LONDON (Reuters) - British Prime Minister David Cameron condemned the alleged hacking of a murdered schoolgirl's voicemail by the News of the World, part of Rupert Murdoch's media empire, as the scandal closed in on a top News Corp executive and Murdoch protegee.
That the prime minister should find time to comment while on a visit to troops in Afghanistan was a measure of the uproar at home over suggestions that the tabloid might have hampered police and added to the torment of the family of a 13-year-old, abducted in 2002, whose killer was convicted only last month.
Among those facing new questions about their conduct is Rebekah Brooks, now head of News Corp's British newspaper arm and editor of the newspaper at the time of the murder of schoolgirl Milly Dowler -- one of Britain's highest profile crimes in years.
Brooks has until now figured only indirectly in inquiries by police into the hacking of mobile phone mailboxes by journalists and investigators employed by the News of the World.
The escalation of the scandal comes at a key moment in parent company News Corp's planned multi-billion-dollar takeover of BSkyB, due to be approved by the government after a final consultation this week.
Cameron, speaking to journalists on a visit to Afghanistan, said on Tuesday: "On the question about the really appalling allegations about the telephone of Milly Dowler, if they are true, this is a truly dreadful act."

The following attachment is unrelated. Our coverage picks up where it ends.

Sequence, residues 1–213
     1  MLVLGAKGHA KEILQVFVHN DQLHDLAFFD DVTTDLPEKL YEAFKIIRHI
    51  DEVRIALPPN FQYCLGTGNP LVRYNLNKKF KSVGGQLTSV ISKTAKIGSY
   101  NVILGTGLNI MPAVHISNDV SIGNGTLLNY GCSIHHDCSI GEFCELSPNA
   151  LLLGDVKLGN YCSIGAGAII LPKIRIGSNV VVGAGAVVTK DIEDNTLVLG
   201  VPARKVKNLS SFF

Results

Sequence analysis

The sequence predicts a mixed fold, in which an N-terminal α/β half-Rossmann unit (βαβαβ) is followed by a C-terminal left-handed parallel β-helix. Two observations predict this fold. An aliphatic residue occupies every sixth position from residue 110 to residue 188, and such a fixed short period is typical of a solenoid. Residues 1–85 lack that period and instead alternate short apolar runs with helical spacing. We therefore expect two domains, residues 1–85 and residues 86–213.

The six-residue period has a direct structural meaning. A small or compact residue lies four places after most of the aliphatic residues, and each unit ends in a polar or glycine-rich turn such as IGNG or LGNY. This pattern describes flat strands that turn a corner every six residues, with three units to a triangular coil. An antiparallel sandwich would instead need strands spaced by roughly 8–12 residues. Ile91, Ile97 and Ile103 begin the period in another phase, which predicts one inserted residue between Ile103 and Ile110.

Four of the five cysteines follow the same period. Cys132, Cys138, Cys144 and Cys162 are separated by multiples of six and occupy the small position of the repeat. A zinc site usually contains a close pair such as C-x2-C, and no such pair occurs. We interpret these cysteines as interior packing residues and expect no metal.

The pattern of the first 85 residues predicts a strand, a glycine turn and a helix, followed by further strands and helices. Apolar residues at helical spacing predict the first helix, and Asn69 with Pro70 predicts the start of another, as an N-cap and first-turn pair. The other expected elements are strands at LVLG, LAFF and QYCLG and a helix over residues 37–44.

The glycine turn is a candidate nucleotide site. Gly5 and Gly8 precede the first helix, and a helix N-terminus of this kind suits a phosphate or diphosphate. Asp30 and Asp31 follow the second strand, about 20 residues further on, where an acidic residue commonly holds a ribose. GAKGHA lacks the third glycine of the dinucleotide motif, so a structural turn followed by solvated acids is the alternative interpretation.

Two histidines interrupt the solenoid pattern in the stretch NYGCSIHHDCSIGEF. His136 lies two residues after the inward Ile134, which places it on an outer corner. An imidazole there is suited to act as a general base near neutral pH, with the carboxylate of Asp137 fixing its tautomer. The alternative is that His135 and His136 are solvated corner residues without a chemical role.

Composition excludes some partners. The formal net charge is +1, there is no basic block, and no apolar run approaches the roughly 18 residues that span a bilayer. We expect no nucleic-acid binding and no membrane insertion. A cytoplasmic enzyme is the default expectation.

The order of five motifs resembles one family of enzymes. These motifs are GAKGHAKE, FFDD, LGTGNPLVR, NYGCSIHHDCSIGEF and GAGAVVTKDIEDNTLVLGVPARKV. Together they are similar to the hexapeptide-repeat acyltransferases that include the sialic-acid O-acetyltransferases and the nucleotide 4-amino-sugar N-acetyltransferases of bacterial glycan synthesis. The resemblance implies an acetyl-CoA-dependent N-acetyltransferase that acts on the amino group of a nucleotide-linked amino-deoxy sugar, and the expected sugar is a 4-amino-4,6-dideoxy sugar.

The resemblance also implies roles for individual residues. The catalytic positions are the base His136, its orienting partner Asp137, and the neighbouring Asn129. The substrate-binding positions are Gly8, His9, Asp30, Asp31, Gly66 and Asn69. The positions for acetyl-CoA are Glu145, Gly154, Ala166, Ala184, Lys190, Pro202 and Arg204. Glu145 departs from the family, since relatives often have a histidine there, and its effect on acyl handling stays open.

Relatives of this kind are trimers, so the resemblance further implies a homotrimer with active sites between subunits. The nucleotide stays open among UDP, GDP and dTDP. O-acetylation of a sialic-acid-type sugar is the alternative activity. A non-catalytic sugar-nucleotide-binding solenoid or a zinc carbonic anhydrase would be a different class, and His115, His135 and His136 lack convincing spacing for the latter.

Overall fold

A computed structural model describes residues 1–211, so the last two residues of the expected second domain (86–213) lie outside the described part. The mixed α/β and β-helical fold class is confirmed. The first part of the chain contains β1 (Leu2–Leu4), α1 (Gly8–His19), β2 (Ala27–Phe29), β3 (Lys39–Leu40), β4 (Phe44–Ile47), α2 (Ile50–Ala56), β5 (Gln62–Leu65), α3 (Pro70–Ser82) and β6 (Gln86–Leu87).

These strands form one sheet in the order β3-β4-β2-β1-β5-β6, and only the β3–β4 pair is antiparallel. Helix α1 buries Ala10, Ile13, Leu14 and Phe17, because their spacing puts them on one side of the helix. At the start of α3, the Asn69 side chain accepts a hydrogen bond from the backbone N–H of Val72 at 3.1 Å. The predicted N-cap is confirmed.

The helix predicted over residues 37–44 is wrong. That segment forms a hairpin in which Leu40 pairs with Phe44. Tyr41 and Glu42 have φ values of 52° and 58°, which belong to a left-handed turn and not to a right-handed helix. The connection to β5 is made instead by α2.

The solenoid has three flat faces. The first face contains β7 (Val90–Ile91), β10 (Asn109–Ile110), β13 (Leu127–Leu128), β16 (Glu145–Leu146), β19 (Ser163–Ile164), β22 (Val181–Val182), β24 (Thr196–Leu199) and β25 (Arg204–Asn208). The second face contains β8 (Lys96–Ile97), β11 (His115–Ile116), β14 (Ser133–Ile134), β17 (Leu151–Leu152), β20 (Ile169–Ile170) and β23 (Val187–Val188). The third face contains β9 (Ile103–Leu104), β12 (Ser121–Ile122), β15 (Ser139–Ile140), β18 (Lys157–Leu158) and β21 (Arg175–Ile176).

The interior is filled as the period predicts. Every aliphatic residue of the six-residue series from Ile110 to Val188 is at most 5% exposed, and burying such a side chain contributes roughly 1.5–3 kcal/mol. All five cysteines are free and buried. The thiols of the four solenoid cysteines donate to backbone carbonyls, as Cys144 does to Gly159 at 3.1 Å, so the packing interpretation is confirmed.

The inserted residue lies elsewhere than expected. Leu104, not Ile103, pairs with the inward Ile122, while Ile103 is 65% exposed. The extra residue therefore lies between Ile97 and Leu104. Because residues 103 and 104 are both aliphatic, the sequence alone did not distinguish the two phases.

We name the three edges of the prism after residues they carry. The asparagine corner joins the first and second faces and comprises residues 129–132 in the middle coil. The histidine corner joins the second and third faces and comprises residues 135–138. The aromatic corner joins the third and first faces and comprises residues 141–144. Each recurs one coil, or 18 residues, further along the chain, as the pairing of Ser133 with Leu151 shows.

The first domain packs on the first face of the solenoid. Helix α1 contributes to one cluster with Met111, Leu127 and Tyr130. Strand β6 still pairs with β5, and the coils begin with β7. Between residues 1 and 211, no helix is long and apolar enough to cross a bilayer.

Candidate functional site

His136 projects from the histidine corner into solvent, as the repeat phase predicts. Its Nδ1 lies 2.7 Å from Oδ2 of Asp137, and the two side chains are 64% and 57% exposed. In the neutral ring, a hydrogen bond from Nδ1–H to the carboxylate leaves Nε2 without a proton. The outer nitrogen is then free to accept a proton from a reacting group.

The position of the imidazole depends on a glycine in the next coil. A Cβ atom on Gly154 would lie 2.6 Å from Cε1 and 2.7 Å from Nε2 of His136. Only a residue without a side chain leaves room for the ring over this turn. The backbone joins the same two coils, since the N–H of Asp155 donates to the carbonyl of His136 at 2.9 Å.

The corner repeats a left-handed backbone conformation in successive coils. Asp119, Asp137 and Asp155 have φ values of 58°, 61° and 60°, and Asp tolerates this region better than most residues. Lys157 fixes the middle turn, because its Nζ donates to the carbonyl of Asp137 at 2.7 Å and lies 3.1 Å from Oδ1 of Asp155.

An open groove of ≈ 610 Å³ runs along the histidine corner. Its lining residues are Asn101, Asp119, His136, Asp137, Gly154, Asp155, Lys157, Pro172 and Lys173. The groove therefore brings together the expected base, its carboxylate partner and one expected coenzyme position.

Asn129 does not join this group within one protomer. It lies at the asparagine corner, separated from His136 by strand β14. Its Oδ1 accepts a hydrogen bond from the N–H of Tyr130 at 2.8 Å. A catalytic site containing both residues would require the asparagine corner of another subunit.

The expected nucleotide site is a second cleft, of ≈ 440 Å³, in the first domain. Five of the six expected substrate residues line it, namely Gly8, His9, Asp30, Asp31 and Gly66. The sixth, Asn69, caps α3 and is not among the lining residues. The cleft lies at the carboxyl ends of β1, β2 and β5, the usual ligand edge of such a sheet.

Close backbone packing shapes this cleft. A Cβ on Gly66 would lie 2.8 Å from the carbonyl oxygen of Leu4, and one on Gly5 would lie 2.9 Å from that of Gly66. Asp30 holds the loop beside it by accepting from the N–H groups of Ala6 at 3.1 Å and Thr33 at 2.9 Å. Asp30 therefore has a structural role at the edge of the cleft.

A lawyer for the Dowler family said on Monday he had learned from police that the schoolgirl's voicemail messages had been hacked while police were searching for her. [ID:nL6E71425S] Her killer, a man with a record of other sex attacks, was found guilty of her murder last week.
British media have said a newspaper investigator not only listened in to messages left on the teenager's phone after she went missing but may also have deleted some to make space for more -- potentially misleading police and giving false hope to her family that she was still alive and at liberty.
Brooks, the editor at the time, is now chief executive of News International, News Corp's British newspaper arm. Her successor at the News of the World Andy Coulson, an ex-spokesman for Cameron, resigned from the paper over the hacking affair in 2007 and this year quit Cameron's office as the scandal grew.
Cameron, who is close to Brooks and the Murdoch family, has been at pains to keep the hacking scandal separate from a government decision to approve News Corp's planned multi-billion-dollar takeover of satellite broadcaster BSkyB.
A final public consultation on the matter ends on Friday and is expected to result in a green light from the government, although the latest development has led to renewed calls from opposition politicians to halt the merger.
BSkyB shares traded down 0.6 percent at 845 pence by 0843 GMT, underperforming a flat European media index.
(Reporting by Georgina Prodhan; Editing by Alastair Macdonald)